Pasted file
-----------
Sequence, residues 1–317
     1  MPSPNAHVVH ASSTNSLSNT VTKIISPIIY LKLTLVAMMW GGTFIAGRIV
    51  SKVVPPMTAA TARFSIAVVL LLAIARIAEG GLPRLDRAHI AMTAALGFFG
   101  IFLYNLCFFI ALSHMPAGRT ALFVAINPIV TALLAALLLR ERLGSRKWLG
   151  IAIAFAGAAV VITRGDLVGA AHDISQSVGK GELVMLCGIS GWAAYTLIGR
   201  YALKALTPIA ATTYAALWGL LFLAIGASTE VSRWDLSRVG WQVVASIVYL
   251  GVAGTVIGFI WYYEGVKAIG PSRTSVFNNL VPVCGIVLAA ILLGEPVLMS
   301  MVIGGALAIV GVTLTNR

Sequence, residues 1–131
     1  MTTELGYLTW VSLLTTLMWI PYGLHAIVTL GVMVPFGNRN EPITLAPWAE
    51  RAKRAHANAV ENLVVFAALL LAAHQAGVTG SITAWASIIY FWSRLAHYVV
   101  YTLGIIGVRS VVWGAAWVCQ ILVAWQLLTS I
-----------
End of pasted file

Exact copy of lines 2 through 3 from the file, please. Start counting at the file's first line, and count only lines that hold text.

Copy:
     1  MPSPNAHVVH ASSTNSLSNT VTKIISPIIY LKLTLVAMMW GGTFIAGRIV
    51  SKVVPPMTAA TARFSIAVVL LLAIARIAEG GLPRLDRAHI AMTAALGFFG